Concerns about a care service

The Social Care Institute for Excellence (SCIE) provides guidance on what works in social care to enable those in the sector to improve practice. It is not within the remit of SCIE to deal with, respond to or advise on complaints about individual care or health services.

There are a number of ways in which you can challenge poor standards of care or raise concerns or complaints. This short guide provides the options open to you if you are unhappy with a social care service.

In brief

Crime

Call 999 for an emergency (e.g. a crime is currently being committed). You can also contact the police on 101 for non-emergency situations.

Safeguarding concerns about a child or young person (under 18 years of age)

If abuse or neglect is suspected it should be reported to the local authority, children’s services, the police or the NSPCC on 0808 800 5000. See other SCIE resources on safeguarding children.

Safeguarding concerns about an adult

If abuse or neglect is suspected it should be reported to the local authority. See other SCIE resources on safeguarding adults.

Poor care or service quality

Both the care provider and the local authority should give you information on the relevant complaints procedures. If you follow the complaints procedure and you are dissatisfied with the outcome you can contact the ombudsman.

How to complain about care services

When making a complaint about a service:

Help with complaining

Social care complaints regulations

The complaints procedure for adult social care is set out in regulations, which cover both the local authority and NHS procedures.

The regulations provide a framework for those handling a complaint relating to a local authority’s social care functions – this includes directly provided services and independent services provided through commissioning. The actions, omissions or decisions of the local authority in respect of a social care function are covered; the regulations do not, however, apply more generally to independent providers.

People who are paying for their own social care (self-funders) may complain to the local authority, for example about assessment, or failure to assess. Services people have arranged or purchased themselves are not covered but the local authority could be challenged if they commission those services. For example, on why they have commissioned a sub-standard service, or whether they are performance managing contracted services sufficiently.

Self-funders should raise concerns about their service with their care provider in the first instance. All providers are required as part of their registration requirements with the CQC to have a complaints procedure. If the complainant is not satisfied with the response they receive, they also may ask The Local Government Ombudsmanto investigate.

The duty of candour

The duty of candour requires registered persons (carrying out a regulated activity in health and care services) to be open and honest. When things go wrong they must make an apology and explain to those concerned how things will be rectified.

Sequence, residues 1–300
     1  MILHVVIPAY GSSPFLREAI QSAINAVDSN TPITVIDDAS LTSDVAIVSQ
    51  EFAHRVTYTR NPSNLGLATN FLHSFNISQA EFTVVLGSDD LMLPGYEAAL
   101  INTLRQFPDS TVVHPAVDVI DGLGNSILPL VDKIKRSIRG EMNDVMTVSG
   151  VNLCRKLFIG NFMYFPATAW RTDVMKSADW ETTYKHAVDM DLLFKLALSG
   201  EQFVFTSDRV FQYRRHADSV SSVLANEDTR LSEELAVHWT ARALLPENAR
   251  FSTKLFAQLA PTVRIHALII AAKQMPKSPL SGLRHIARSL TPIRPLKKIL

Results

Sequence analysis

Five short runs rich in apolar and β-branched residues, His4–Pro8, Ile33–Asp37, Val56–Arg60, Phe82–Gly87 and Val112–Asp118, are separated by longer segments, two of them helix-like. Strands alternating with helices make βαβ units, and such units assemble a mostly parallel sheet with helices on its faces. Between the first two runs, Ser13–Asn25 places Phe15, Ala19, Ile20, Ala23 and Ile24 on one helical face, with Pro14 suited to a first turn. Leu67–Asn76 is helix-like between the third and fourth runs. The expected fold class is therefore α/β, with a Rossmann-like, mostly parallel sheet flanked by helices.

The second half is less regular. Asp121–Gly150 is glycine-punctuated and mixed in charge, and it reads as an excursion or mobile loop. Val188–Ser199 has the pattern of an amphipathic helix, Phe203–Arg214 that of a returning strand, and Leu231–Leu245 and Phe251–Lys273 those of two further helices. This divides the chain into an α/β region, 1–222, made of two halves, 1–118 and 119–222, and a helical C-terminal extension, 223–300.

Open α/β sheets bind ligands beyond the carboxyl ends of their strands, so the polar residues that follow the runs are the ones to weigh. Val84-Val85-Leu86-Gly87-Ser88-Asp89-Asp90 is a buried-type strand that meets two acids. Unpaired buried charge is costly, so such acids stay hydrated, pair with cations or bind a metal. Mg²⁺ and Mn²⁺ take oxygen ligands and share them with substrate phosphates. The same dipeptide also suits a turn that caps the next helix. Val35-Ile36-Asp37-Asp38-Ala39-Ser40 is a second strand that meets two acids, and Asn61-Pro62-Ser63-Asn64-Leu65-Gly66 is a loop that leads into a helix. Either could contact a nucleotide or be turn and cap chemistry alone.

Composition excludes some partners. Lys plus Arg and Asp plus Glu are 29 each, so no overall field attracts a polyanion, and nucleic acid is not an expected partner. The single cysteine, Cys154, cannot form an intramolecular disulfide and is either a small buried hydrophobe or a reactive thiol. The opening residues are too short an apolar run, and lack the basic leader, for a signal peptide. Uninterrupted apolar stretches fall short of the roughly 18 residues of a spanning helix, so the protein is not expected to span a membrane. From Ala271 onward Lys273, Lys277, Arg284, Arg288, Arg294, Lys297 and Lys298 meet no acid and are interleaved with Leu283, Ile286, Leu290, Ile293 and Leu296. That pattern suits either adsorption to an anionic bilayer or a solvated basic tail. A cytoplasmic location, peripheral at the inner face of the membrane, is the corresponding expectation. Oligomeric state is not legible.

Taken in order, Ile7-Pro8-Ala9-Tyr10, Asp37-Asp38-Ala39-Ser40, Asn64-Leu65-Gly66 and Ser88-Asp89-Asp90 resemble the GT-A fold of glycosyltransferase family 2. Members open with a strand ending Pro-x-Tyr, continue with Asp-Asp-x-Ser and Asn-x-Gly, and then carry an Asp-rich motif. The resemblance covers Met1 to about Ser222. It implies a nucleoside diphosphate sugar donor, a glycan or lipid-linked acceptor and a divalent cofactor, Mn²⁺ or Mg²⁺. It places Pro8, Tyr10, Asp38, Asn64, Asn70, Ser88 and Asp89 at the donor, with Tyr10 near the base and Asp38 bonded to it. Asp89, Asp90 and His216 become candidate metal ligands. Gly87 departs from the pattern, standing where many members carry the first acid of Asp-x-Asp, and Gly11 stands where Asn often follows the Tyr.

The duty is a direct response to recommendation 181 of the Francis Inquiry report into Mid Staffordshire NHS Foundation Trust (2013). The duty comes under Regulation 20 (the Care Act amends the Health and Social Care Act 2008 (Regulated Activities) Regulations 2014).

See the CQC for further information.

Professional bodies

Many professionals, including doctors, nurses and social workers, are required to register with a professional body. These bodies aim to protect the public by setting and maintaining standards within the professions, by publishing codes of conduct, registering individuals and monitoring continuous professional development. Serious misconduct by an individual can be reported to these bodies.

Information for workers and service providers

Preventing formal complaints:

Dealing with formal complaints:

Whistleblowing for employers

Staff should be encouraged to raise concerns, at first internally, so that they can be dealt with promptly.

Organisations that do not respond to such concerns put themselves at risk to exposure of any wrongdoing through employees blowing the whistle externally.

The advantages of supporting people who raise concerns include:

Why it's important

View the full video

Employers should:

See the Department of Health Whistleblowing Guidance for Employers and Code of Practice

Whistleblowing for employees

Where there is no threat of immediate danger, whistleblowers should protect themselves. Potential whistleblowers should prepare carefully to make a disclosure, making a note of any relevant evidence (for example, record dates, times and the names of any witnesses), seek support and take external advice, possibly from Public Concern at Work, Speak Up,  a voluntary advice service or trade union.

Consider the following whistleblowing do’s and don’ts:

Do:

Don’t:

(Van Den Hende, 2001)

Legal protection

The law offers some protection to people who blow the whistle under the Public Interest Disclosure Act 1998. The Act offers protection, from victimisation in employment following a disclosure, to public, private and voluntary sector workers. The parameters of ‘protected disclosure’ are set out in the Employment Rights Act 1996 (ERA). The person making the disclosure should not commit an offence in doing so (e.g. breach the Official Secrets Act 1989) and must reasonably believe one or more of the following:

Seek advice from: